Neighbors should know their flood risk
As emergency responders, our job is to prepare for the unknown — it's about helping neighbors stay safe and protected through times of fire, flood, severe weather and anything that puts lives and property in harm's way.
Every spring communities across Wisconsin are hit by major flooding. In fact, flooding is the fastest growing and the costliest natural disaster in Eau Claire County. In the last six years, Wisconsin has seen five 100-year floods and one 1,000-year flood. We have over 149,000 people in Wisconsin living with a 1 percent annual flood risk. Additionally, with rains becoming increasingly more severe, vigilance is key to ensure communities have the resources and policies to respond to a growing problem.
In emergency management, we are in the business of resiliency. From county to county across Wisconsin, we pride ourselves in doing all that it takes to make sure our residents are protected from flood events, warned ahead of time and receive help with cleanup and rebuilding if a natural disaster does hit.
However, effective emergency management takes a full community effort, from local government planning and land use, to nonprofit volunteers creating natural habitat and living shorelines that can buffer residential areas from flooding river, to everything in between. Homeowners also play a part by knowing their flood risk so they can make informed decisions about whether to purchase a property if it's had flooding, to knowing how to flood-proof and prepare for future flooding.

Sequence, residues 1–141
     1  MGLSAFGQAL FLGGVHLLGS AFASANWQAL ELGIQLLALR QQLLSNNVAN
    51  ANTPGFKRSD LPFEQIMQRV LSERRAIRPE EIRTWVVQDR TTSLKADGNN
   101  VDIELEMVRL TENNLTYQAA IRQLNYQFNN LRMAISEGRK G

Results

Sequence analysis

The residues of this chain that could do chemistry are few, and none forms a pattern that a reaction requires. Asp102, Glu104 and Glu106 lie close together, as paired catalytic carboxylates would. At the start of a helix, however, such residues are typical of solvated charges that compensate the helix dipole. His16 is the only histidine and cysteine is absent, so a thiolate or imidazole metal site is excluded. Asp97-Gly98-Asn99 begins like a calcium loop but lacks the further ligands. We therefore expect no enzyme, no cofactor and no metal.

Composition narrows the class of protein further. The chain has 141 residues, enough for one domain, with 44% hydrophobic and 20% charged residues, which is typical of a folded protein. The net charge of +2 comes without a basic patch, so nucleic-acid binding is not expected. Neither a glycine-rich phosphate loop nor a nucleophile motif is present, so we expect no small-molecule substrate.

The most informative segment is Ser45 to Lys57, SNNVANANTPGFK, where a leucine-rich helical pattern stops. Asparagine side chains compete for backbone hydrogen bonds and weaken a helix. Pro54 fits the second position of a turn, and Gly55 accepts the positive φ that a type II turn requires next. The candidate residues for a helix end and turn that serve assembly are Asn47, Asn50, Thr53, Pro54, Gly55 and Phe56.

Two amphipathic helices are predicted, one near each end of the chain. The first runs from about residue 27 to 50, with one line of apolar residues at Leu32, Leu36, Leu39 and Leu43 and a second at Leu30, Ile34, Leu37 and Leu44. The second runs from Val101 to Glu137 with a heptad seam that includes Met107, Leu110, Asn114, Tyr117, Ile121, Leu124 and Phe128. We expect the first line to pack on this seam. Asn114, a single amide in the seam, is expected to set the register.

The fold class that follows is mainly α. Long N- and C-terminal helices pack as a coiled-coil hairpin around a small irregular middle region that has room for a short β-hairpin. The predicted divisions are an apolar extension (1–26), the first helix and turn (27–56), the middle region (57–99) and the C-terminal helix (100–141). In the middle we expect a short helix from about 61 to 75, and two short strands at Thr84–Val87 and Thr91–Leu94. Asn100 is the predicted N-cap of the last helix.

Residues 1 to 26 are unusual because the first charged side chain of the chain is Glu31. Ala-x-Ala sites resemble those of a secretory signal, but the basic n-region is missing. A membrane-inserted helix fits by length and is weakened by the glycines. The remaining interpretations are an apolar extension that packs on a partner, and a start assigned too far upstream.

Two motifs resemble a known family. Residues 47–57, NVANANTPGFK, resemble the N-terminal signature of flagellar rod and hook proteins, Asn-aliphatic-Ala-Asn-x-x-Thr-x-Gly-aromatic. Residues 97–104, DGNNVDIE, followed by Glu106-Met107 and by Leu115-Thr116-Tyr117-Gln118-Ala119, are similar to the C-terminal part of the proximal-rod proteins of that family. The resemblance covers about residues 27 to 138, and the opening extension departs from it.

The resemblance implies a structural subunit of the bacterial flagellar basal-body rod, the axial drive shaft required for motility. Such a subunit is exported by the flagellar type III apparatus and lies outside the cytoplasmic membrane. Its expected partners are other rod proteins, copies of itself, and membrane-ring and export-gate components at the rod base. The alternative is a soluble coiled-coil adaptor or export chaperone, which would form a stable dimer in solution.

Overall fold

In Wisconsin, if you are purchasing a home, state law dictates that you are warned of past flooding, flood damage and location in a floodplain. These kinds of disclosures are important because they allow people make informed decisions as they buy their home — often the biggest purchase of their lifetime.
Not all states have flood disclosure laws for homebuyers, so in many areas of our country people may be unknowingly moving into a home that could be unsafe. However, with the National Flood Insurance Program now $25 billion in debt, and one-third of all payouts going to properties that have flooded two times or more, Congress is looking at common sense solutions to address this issue.
The proposal of a nationwide flood disclosure law for homebuyers is a good one. It would look similar to current lead paint disclosure laws, which happen 10 days before closing, so potential buyers could back out if they didn't want to risk living in home with lead paint. This is a law that has been working in Wisconsin and it would serve people well across the country.
Keep in mind, when floodwaters rise it not only puts our neighbors and their homes at risk, but first responders and emergency personnel in our community must also risk their lives to keep people safe. For this reason, the mitigation of flooding risks is a must.
As Congress is working on supplementals to pay for Harvey and Irma recovery and reauthorizing the National Flood Insurance Program in coming weeks, members of Congress should step forward and provide leadership to make sure that disclosure laws are included in the bill. It seems only right to make sure people have all the information they need to stay safe when floodwaters rise.
Tyler Esh is the emergency management coordinator for Eau Claire County, Wis.